WASHINGTON (CNNMoney) -- Roberton Williams is a senior fellow at the Urban Institute and contributor to TaxVox, the blog of the nonpartisan research organization Tax Policy Center. He was at the Congressional Budget Office from 1984 through 2006. The opinions expressed in this commentary are solely those of the writer.
President Obama's plan to raise taxes on the nation's highest income households may not quite mean what you think.
A closer look suggests that fewer people may get whacked than either Obama or his Republican critics suggest.
And for many of the victims, the club won't be the president's plan to raise rates to 36% and 39.6%. Those rate hikes are getting most of the attention, but the real cudgel would be higher taxes on capital gains and dividends going to high-earners.
First, let's look at whom Obama's plan would hit.
As most everyone knows by now, ever since his presidential campaign, Obama has promised to retain the 2001 and 2003 tax cuts for households with income below $250,000 and individuals making less than $200,000.
That seems clear enough, but candidate Obama never said what he meant by "income," although his budget helps to clarify the issue by defining income very generously.
Defining "income": First, let's define our terms.
The broadest way to measure income -- total income -- counts everything you get in cash, regardless of source, including taxes your employer pays and you never see. By that measure, just over 3% of households have income above the president's thresholds.
Or the president could have decided to use a narrower measure, "adjusted gross income," which excludes income not subject to federal tax such as tax-exempt bond interest and much of Social Security benefits. Just over 2% of tax units have AGI that tops the $200,000 and $250,000 thresholds.
Finally, the president could have gone one more step and dropped exemptions and deductions from his definition of income. That's the familiar description of taxable income -- and pretty much the bottom line on your 1040 -- and it would protect another 0.2% of households from a tax hike.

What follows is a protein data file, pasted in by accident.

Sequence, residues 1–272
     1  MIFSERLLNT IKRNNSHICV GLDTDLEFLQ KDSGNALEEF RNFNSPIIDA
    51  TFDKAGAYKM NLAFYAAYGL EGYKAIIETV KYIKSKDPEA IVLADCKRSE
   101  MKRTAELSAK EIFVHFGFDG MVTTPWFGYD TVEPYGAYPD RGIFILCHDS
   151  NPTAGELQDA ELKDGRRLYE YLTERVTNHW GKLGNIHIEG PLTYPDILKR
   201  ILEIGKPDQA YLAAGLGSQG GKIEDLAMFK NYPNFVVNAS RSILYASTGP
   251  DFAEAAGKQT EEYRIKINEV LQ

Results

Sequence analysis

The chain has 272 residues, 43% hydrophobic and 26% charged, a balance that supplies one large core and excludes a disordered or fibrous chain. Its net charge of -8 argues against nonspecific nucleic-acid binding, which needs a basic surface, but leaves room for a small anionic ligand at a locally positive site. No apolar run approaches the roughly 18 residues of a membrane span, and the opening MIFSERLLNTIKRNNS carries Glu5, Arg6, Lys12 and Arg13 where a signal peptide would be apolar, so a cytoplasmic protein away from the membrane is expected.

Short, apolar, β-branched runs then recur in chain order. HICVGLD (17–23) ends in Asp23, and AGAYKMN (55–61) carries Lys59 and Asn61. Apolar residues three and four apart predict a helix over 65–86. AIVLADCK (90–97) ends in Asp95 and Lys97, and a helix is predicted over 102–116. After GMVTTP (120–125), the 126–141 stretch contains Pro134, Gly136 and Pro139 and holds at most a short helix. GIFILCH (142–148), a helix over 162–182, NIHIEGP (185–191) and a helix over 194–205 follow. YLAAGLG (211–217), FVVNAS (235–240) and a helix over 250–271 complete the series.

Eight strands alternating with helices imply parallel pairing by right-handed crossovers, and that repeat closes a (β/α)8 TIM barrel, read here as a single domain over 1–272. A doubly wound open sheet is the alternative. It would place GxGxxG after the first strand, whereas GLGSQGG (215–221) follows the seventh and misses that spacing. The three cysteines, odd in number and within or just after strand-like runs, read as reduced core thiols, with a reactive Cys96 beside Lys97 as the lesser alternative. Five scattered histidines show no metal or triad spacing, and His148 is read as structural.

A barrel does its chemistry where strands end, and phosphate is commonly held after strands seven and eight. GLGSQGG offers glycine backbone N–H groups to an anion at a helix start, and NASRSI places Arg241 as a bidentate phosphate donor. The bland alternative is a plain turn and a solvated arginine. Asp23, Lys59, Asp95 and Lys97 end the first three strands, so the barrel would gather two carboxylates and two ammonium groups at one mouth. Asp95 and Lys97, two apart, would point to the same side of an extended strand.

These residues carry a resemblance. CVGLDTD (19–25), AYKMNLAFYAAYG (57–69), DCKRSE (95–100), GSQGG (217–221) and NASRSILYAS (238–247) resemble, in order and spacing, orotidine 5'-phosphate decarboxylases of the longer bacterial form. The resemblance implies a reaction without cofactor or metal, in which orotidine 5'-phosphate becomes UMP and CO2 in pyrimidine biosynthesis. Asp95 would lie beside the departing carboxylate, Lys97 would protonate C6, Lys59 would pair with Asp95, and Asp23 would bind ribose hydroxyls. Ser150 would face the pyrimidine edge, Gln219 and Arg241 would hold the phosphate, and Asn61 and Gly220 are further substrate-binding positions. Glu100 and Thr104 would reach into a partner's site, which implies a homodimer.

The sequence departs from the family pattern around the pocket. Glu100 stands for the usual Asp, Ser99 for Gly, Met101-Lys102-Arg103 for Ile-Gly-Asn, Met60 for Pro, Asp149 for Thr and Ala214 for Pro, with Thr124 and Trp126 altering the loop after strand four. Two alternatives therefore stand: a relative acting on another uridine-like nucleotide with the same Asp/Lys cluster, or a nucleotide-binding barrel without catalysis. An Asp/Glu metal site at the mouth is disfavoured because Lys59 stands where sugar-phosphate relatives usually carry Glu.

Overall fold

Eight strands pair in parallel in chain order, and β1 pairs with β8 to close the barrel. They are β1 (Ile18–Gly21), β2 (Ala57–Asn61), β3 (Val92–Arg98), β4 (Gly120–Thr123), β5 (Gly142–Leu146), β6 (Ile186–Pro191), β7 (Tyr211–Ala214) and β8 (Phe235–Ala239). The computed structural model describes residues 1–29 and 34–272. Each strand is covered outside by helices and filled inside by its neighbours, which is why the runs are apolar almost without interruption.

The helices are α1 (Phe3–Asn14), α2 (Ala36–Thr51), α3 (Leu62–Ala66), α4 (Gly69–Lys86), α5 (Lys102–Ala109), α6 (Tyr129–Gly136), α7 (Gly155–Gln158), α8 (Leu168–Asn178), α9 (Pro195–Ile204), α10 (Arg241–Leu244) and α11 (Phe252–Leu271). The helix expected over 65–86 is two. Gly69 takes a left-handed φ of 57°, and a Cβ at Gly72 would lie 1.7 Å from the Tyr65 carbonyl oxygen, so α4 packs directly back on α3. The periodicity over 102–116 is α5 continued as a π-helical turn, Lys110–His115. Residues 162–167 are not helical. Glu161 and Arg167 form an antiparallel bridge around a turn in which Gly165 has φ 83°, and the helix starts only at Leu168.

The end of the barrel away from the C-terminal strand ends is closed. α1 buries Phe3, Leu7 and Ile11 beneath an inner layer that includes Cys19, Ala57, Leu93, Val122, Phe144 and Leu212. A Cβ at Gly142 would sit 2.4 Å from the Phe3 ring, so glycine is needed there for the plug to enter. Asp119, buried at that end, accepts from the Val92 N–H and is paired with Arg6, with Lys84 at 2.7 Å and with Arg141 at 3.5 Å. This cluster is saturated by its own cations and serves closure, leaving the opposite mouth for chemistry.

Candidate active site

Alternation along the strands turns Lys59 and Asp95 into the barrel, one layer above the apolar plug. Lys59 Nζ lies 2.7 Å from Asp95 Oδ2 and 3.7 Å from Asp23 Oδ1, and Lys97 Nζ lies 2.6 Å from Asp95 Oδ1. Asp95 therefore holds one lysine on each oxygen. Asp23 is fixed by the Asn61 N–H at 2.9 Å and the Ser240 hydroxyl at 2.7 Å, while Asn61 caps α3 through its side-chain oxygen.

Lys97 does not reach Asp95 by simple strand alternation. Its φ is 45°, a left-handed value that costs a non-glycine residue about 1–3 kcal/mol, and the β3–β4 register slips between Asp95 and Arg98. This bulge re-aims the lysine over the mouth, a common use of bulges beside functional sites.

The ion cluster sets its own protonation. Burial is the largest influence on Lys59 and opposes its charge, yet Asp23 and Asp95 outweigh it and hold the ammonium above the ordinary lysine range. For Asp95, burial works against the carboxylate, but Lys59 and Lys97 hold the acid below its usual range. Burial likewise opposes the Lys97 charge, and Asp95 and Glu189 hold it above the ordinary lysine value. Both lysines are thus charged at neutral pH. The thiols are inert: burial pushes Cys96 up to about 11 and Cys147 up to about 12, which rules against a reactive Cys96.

How Obama does it: Instead, Obama -- in his budget -- uses a definition that is even a bit more generous than any of those.
To make sure that no one making less than $200,000 really does get hit with a tax increase, the president had to extend the 28% bracket to cover more income. That would cut taxes for even the richest taxpayers by a few hundred dollars and provide a small cushion against higher levies for people just over the thresholds.
Who would pay and why: When all the dust settles, the Tax Policy Center figures that just 1.7% of households would pay higher taxes under the president's proposal than if Congress extended all the 2001 and 2003 tax cuts.
Just as interesting is why those 2.7 million high-income taxpayers would get hit. For most of them, the answer is not the high-profile increase in the top rates. Rather, it is Obama's proposal to hike rates on capital gains and dividends.
A close look at his plan shows that fewer than three in ten affected taxpayers would be hit by the 36% and 39.6% rates on ordinary income that have drawn the loudest complaints.
Another change, the limitation on itemized deductions and the phaseout of personal exemptions would affect less than half.
But nearly 95% of people facing higher tax bills would pay more tax on gains and dividends. Keep in mind, by the way, that while Obama would raise the top rate on capital gains from 15% to 20%, he would also tax qualified dividends at 20%. If the Bush-era tax cuts are allowed to expire, the top dividend rate would hit 39.6%.
Knowing that less than 2% of households would face higher taxes, mostly because of their investment income, won't calm the debate -- and by itself certainly provides no justification for backing the president's plan -- but it's always helpful to know the facts.
What we commonly call the Web is really just the surface. Beneath that is a vast, mostly uncharted ocean called the Deep Web. More
Sanjiv Patel has invested over $1 million in his peanut company under a program that grants green cards to investors, but he may get kicked out of the country if he doesn't hire eight more people. More
3,000 Americans around the world renounced their citizenship last year. Meet five U.S. citizens who have given up their passports -- or are thinking about it -- to escape an overly complicated tax code. More